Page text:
Response Essay: Hollowed-Out Democracy

89 N.Y.U. L. Rev. Online 48 (2014)

U of Michigan Public Law Research Paper No. 437

4 Pages Posted: 5 Dec 2014

See all articles by Kate Andrias

Kate Andrias

Columbia University - Law School

Date Written: October 2014


Professors Joseph Fishkin and Heather Gerken argue, in The Two Trends That Matter for Party Politics, that the Supreme Court’s recent deregulation of the campaign-finance system is fueling a troubling shift toward "shadow parties," away from formal parties populated by party activists. This response essay commends Fishkin’s and Gerken’s focus on the relationship between campaign finance law and the structure of political parties but raises two concerns about their argument. First, the formal parties, at least on the national level, departed from the "party faithful" model well before the Court’s most recent campaign finance decisions, raising the need to think more broadly about the causes for the shift. Second, while Fishkin and Gerken are correct to worry about the dominance of the elite in our democratic organizations, for that conversation to have real impact on the vitality of our democracy, it must be expanded beyond political parties to civil society more generally. This essay was written for the 2014 Brennan Center Convening, Money in Politics 2030: Toward a New Jurisprudence.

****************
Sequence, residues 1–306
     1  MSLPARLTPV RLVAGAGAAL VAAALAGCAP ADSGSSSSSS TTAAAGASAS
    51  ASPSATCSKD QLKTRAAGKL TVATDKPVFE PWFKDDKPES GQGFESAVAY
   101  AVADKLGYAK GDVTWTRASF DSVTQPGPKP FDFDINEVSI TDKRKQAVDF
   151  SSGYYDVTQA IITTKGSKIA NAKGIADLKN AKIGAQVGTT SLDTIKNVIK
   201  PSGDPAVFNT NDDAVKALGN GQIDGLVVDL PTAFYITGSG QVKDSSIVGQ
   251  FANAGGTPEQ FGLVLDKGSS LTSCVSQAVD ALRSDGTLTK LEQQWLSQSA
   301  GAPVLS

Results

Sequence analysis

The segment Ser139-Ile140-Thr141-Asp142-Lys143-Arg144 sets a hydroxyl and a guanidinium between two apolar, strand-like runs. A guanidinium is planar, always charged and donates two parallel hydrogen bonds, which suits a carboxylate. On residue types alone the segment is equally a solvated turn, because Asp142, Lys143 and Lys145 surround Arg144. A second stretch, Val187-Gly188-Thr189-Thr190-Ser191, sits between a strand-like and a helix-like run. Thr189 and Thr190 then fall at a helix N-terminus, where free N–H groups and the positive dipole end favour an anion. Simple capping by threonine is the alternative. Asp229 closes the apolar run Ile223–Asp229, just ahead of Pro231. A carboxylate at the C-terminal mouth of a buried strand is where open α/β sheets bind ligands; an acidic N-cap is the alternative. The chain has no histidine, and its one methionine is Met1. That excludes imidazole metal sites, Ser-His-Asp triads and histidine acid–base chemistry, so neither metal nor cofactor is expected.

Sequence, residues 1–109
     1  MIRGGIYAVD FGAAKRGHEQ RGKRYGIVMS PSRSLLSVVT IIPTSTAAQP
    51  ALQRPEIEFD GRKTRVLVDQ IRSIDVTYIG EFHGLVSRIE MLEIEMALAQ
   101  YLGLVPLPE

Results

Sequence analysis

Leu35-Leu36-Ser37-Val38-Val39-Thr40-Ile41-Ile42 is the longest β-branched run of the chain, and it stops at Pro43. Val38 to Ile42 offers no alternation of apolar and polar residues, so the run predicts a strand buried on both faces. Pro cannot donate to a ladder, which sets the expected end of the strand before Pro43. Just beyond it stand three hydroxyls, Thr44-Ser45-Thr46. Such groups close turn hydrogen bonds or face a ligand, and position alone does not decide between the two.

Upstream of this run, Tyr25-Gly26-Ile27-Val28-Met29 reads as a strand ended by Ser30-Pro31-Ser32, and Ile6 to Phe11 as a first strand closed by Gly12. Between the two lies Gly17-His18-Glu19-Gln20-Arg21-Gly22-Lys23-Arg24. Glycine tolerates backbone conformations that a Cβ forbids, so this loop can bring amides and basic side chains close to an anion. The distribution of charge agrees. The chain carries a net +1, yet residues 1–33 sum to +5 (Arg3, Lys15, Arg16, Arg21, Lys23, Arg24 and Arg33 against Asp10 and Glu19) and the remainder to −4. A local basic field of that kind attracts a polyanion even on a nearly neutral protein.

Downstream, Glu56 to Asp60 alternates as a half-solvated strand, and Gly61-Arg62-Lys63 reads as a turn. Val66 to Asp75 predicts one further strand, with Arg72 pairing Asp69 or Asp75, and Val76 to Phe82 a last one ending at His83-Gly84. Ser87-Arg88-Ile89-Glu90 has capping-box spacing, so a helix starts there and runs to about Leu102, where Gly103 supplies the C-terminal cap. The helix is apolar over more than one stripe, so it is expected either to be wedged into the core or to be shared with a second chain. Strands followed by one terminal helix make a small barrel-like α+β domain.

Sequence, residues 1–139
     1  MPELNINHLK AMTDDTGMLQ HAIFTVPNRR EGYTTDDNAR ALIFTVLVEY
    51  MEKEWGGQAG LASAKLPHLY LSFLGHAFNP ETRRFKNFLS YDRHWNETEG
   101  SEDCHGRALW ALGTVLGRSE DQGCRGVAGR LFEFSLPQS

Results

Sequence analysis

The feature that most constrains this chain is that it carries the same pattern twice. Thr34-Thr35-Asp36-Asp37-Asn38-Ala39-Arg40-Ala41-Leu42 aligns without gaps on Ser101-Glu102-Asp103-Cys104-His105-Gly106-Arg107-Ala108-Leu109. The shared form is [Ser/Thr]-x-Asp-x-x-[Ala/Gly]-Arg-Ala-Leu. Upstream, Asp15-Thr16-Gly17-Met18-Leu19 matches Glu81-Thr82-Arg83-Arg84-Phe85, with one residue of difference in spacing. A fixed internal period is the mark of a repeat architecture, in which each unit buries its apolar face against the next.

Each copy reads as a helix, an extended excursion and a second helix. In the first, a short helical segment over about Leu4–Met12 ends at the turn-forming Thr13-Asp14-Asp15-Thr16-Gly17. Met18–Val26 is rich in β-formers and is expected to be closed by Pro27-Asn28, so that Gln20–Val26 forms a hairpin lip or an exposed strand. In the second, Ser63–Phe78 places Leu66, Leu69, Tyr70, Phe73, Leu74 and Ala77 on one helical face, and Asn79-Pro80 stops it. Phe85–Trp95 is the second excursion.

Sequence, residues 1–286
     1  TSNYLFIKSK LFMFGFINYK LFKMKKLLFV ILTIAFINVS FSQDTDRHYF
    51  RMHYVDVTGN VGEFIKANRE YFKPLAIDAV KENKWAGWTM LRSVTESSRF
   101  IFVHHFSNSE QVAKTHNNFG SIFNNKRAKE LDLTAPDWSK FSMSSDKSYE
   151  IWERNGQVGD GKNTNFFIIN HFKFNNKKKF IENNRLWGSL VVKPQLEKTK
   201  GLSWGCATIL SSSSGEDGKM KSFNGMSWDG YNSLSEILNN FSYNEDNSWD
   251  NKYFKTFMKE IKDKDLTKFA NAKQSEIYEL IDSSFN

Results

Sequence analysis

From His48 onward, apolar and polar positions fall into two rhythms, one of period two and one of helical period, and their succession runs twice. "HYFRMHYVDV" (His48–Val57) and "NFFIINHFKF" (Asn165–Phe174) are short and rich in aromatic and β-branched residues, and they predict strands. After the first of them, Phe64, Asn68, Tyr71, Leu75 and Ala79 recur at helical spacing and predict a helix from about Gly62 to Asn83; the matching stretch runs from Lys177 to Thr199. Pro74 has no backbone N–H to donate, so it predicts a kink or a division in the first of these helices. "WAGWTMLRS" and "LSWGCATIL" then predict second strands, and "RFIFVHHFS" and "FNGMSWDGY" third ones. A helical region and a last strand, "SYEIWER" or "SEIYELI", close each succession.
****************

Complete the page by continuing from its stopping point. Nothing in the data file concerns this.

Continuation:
Keywords: democracy, campaign finance, right to participate, political parties

Suggested Citation

Andrias, Kate, Response Essay: Hollowed-Out Democracy (October 2014). 89 N.Y.U. L. Rev. Online 48 (2014) , U of Michigan Public Law Research Paper No. 437, Available at SSRN:

Kate Andrias (Contact Author)

Columbia University - Law School ( email )

435 West 116th Street
New York, NY 10027
United States

Do you have a job opening that you would like to promote on SSRN?

Paper statistics

Abstract Views
PlumX Metrics